In prehistoric times until about 1300 A.D., the area around Bluff was home to two distinct desert cultures, the Basket Makers and the Cliff Dwellers, also generally known as the Anasazi culture. Abandoned dwellings, farms, roads, burial sites, petroglyphs, and pottery remain behind today, telling the stories of ancient inhabitants who were well adapted to the country many centuries ago.
Following these prehistoric cultures, nomadic tribes of Paiutes, Utes, and Navajos were well established in the San Juan country area by the late 1500′s. San Juan Band Paiutes hunted rabbits, deer and mountain sheep; foraged for seeds and roots, and irrigated corn, squash and melons along the river bottoms. Utes took full advantage of the introduction of the horse and lived a life similar to the Plains Indian cultures.
In the mid-19th century, Utes were hired by explorers and pioneer groups to guide expeditions and fight neighboring Navajos, who had migrated from northern Canada and spread into southern Utah. Navajos farmed the San Juan River flood plains and pastured sheep in the nearby mountains. After a number of conflicts, government military campaigns, and the tragic Long Walk to New Mexico, the southwestern domain was once again opened to Native American and Anglo use which precipitated rapid and dramatic changes to Navajo and Ute ways of life. While Paiutes no longer have a presence in the region, these three Native American tribes played significant roles in the development of the area.
Spanish explorers in the 1700′s may have traversed this area, but no white settlers called the Bluff valley home until 1878. Historic Bluff City was founded in 1880 by the famous “Hole in the Rock” expedition of Mormon (Latter-Day Saint) pioneers, whose mission was to establish an agrarian community on the San Juan River. The original fort and historic village of log homes was laid out with the church, school, and co-op store in the center, and was surrounded by agricultural fields and orchards. Farming along the San Juan River proved uncertain, for the river either flooded or went dry too often for dependable irrigation.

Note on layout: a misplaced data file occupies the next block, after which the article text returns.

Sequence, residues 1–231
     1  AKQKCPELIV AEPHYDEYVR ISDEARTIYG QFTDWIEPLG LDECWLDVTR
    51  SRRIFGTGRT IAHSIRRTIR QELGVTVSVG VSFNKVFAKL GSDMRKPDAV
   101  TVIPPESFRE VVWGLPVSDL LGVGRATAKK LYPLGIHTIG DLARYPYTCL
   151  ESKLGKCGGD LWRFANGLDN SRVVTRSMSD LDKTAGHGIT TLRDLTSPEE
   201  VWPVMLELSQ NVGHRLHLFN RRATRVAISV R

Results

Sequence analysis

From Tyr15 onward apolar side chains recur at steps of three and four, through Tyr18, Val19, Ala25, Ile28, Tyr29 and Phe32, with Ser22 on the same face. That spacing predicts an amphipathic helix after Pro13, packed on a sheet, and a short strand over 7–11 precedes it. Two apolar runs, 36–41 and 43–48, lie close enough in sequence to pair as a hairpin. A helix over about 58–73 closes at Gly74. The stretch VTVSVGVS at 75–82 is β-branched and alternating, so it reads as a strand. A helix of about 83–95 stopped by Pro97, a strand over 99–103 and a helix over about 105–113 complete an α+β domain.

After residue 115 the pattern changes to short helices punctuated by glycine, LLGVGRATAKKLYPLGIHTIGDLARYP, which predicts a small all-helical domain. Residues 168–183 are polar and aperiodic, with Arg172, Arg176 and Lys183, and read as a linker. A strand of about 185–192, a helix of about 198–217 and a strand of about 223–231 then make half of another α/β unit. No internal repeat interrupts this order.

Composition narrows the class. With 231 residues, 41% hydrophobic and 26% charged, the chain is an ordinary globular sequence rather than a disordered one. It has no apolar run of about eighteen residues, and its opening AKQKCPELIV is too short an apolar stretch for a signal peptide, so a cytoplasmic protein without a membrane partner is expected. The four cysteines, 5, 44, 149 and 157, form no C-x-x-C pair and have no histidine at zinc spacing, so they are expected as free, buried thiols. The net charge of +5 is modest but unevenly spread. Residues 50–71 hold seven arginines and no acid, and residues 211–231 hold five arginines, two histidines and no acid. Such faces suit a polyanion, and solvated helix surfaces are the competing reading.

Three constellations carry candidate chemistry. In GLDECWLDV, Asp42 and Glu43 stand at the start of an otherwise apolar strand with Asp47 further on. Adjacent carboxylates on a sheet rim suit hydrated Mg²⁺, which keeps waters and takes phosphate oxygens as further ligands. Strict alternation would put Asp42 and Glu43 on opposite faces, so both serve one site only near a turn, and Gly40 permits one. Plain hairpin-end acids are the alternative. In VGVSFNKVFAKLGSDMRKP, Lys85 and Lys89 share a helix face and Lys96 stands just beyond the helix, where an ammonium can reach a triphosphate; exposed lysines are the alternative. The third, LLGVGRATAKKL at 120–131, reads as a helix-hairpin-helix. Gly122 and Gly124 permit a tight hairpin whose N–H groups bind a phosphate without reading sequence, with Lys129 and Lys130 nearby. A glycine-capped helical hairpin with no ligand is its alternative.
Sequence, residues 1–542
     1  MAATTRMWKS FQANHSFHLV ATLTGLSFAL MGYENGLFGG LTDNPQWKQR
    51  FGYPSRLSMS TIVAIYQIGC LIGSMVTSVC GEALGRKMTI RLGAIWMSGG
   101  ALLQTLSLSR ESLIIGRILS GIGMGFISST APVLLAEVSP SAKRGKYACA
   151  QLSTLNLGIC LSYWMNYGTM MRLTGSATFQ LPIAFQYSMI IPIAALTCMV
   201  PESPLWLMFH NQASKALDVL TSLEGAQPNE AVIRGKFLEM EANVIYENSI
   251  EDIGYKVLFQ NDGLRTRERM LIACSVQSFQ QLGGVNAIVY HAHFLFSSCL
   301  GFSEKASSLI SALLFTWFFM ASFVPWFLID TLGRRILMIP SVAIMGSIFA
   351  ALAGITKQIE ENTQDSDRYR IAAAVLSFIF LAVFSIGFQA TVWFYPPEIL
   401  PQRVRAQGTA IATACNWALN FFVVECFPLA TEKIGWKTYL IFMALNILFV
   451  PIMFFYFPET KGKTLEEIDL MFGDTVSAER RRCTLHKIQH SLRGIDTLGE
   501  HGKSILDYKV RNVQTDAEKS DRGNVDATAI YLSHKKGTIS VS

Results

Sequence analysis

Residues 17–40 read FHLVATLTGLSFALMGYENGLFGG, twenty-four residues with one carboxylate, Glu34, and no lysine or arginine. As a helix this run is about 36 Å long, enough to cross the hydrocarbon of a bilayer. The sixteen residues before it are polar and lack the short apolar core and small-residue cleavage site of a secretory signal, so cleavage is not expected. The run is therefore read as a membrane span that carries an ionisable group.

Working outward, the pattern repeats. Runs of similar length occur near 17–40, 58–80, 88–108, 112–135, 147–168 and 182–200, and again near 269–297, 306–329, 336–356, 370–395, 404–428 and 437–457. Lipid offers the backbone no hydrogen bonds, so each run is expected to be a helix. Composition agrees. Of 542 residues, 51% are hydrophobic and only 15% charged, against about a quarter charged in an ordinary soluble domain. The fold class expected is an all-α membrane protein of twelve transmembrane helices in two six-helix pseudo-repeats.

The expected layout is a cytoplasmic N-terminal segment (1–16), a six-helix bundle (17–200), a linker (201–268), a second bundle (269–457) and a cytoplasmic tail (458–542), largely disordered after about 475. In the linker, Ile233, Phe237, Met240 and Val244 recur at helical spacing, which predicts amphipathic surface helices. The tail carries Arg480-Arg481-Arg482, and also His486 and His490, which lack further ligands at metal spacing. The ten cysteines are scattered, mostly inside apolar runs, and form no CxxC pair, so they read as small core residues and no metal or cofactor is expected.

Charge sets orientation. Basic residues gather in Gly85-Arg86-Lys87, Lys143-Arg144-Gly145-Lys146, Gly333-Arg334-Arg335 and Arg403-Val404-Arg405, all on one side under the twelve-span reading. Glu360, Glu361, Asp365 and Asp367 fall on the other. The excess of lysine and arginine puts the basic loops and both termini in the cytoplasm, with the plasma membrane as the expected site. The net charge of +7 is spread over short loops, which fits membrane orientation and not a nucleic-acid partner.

During the livestock boom period, 1886-1905, Bluff’s original rough log cabins were replaced by substantial hand-hewn red sandstone houses in the Victorian Eclectic style, some quite large and elegant, others built of wood frame lumber. A number of these homes are now listed on the National Historic Register. A virtual tour has been assembled for those of you interested in the early architecture of Bluff.
Bluff’s 20th century economic history is replete with the rise and fall of mining ventures in coal, oil and uranium, together with the challenges of cattle ranching and farming along the erratic San Juan River.
Today, Bluff is an active center for artists and crafts people as well as others involved in oil exploration, farming and ranching. Within this area of national parks, prehistoric sites, diverse cultures, wild canyons and river recreation, tourism has become a strong component in the local economy.